Assume, the design has a constraint which specifies that maximum capacitance on a net should not exceed 2F. Now consider the schematic in the above diagram. Clock source has a node ‘B’ which is connected to the ‘clk’ pin of 4 flip-flops. Assume that the input capacitance at ‘clk’ pin of each flip-flop is 1F. So now, the PNR tool built-in algorithm calculates the total capacitance on node ‘B’ as addition of all input capacitance’s at ‘clk’ pins of 4 flip-flops i.e 4F. Then the tool compares this capacitance number with the max capacitance constraint in the constraints file which is 2F.
Since the capacitance at node ‘B’ is exceeding by 2F, the tool divides the load on node ‘B’ through 2 buffers as shown in right side of the above figure. It selects buffers from timing library in such a way that each of those buffer has an input capacitance of 1F, and builds a tree, called as ‘clock tree’. The whole process of dividing the load on clock net is called ‘Clock tree synthesis (CTS)’. Above example is one of the scenarios that is considered during CTS.
The PNR tools looks for any special physical requirements from user other than timing constraints.
Let us create a scenario in which output net of clock buffer and output net of an AND gate are placed very close to each other, as shown in above figure. Also assume that output of AND gate is at logic ‘0’, while the clock is switching at regular intervals. Consider clock switching from ‘low’ to ‘high’. Since, the output net of AND gate is placed very close to the clock net, there is a high possibility that, during switching, the logic ‘1’ might get coupled to the output of AND gate, which causes a bump with voltage ‘Vbump’.
Since, a logic change or voltage level change on clock net, is causing a voltage level change on the nearby output net of AND gate, the clock net is called as ‘AGGRESSOR’ whereas the output net of AND gate is called as ‘VICTIM’. If the bump voltage Vbump on VICTIM exceeds a certain margin or threshold, the output of AND gate switches to logic ‘1’ which changes the functionality of the design. This phenomenon is called Crosstalk.
An efficient way to avoid the above scenario is to add a shield between VICTIM and AGGRESSOR which would break the coupling between them and hence logic level on the output net of AND gate would be retained. This requirement of adding shield around specific nets could be fed as an external input to the PNR tool. Cost paid in the above scenario would be an increase in the chip area.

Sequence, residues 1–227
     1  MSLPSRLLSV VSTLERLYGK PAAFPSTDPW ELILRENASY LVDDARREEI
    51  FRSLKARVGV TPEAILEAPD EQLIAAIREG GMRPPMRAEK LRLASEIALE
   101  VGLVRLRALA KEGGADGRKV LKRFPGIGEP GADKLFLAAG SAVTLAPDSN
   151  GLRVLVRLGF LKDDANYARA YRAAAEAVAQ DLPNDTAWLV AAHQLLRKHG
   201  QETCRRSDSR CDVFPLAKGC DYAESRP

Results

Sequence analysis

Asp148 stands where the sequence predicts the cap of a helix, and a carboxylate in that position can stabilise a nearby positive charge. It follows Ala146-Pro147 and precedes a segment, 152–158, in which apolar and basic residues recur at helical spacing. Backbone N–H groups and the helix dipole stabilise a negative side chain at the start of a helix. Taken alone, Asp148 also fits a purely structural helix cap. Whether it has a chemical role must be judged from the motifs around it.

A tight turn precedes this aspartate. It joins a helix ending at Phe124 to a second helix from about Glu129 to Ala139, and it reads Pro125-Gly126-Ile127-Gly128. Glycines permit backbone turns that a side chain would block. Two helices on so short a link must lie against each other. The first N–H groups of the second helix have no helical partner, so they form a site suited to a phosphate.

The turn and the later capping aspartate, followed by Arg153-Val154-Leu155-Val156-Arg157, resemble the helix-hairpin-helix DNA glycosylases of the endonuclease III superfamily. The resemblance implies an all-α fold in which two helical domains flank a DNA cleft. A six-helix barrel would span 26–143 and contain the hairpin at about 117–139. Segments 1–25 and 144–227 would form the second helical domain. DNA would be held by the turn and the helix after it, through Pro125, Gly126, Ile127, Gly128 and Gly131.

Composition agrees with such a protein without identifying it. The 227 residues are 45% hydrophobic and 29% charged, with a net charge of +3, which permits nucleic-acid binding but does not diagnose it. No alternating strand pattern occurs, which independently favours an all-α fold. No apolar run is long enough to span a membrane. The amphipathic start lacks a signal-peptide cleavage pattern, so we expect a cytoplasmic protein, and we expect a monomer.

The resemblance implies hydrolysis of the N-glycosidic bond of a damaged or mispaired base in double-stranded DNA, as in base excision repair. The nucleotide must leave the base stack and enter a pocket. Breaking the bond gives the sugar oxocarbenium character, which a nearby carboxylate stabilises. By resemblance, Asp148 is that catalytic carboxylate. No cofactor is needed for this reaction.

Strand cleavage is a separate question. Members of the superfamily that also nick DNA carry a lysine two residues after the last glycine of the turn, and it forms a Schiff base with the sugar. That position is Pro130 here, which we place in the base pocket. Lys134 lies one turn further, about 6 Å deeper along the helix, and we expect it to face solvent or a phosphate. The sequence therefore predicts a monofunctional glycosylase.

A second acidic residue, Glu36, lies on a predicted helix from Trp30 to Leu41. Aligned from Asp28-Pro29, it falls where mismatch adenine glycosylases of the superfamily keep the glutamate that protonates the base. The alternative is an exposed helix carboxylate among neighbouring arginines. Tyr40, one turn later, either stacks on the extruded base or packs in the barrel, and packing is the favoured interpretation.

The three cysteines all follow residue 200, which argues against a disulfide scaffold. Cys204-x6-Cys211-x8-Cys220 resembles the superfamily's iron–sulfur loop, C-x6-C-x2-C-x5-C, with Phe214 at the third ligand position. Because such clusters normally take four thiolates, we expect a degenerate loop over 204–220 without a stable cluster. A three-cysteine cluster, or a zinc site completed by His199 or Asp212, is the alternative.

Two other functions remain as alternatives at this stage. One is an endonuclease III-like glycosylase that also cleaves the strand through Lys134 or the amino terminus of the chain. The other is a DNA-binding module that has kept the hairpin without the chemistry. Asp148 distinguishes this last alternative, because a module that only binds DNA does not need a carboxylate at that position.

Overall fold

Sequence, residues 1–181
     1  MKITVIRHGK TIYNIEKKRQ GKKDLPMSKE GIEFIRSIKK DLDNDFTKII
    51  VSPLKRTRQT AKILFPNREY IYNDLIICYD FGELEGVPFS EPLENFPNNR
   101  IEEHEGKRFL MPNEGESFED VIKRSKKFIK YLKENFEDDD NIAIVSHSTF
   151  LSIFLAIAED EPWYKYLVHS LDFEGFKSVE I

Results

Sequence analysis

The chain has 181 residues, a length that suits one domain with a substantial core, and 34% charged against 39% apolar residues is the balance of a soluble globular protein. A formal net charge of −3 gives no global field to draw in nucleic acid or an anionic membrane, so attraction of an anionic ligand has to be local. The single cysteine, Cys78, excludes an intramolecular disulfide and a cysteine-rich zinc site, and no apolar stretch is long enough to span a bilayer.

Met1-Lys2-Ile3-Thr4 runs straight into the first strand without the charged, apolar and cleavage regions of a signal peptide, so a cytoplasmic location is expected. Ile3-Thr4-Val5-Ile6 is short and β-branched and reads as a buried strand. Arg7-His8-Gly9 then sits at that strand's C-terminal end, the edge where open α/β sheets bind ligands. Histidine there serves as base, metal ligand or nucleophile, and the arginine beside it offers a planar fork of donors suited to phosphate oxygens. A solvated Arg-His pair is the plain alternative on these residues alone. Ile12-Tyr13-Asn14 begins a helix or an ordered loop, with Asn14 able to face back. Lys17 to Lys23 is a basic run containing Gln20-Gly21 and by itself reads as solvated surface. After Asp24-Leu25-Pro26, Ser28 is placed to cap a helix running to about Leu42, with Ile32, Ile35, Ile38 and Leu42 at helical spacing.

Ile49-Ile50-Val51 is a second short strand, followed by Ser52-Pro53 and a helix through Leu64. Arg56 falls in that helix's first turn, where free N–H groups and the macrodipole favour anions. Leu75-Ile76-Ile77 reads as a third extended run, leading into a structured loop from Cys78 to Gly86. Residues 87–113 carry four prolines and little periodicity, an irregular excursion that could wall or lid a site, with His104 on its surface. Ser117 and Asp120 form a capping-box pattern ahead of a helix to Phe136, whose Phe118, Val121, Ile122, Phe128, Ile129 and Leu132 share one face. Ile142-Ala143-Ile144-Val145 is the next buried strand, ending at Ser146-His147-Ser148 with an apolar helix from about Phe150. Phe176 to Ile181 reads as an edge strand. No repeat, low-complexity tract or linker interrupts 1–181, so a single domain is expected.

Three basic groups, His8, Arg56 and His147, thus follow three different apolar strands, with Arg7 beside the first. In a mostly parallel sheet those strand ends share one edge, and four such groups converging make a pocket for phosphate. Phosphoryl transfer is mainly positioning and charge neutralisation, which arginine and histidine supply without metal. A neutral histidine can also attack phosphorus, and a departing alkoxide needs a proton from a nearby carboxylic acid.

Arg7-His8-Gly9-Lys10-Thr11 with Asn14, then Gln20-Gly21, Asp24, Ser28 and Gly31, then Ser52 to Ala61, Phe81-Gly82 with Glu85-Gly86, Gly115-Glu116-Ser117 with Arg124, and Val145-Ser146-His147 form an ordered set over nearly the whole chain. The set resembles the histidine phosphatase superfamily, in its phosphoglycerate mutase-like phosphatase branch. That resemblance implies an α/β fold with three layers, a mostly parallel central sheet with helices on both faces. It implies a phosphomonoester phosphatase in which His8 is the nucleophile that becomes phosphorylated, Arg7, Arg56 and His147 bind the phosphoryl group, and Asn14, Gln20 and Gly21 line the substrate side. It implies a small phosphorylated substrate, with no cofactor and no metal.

Finally when design layout is complete, the PNR tool generates a new netlist which has information about any modifications done to the original netlist, for eg. buffer addition, cell size changes, etc. It also creates a ‘definition’ file, which has the connectivity information between the logical cells, viz. wire length, width, locations, etc. This definition file is used to extract additional timing information due to wire inbuilt RC’s (resistances and capacitance’s) and store them into a separate file usually referred to as SPEF (Standard Parasitic Extraction Format) file. The design, which has the logical cells and the physical connectivity information between the cells, needs to be analysed in terms of timing i.e. the design should meet timing constraints defined by user in the beginning of PNR. Plugging the SPEF information to logical design (which is the new netlist generated by PNR tool), the complete timing information of the design is fed as an input to any Static Timing Analysis (STA) tool.
Static Timing Analysis (STA) tool helps to identify specific paths in the design which fail to meet timing requirements specified in the constraint file. These failing paths are flagged as ‘VIOLATED’. There are 4 kind of checks for which the design is tested viz. Setup check, Hold check, Max Capacitance check and Transition Check. Above figure displays the scenarios under which the timing analysis tool will flag or detect violations. Once these violations are detected, it becomes necessary to analyse these violations, and plug the fixes to these violations back to the PNR netlist. This process of fixing violations by modifying the routed PNR netlist is referred to as Engineering Change Order (ECO).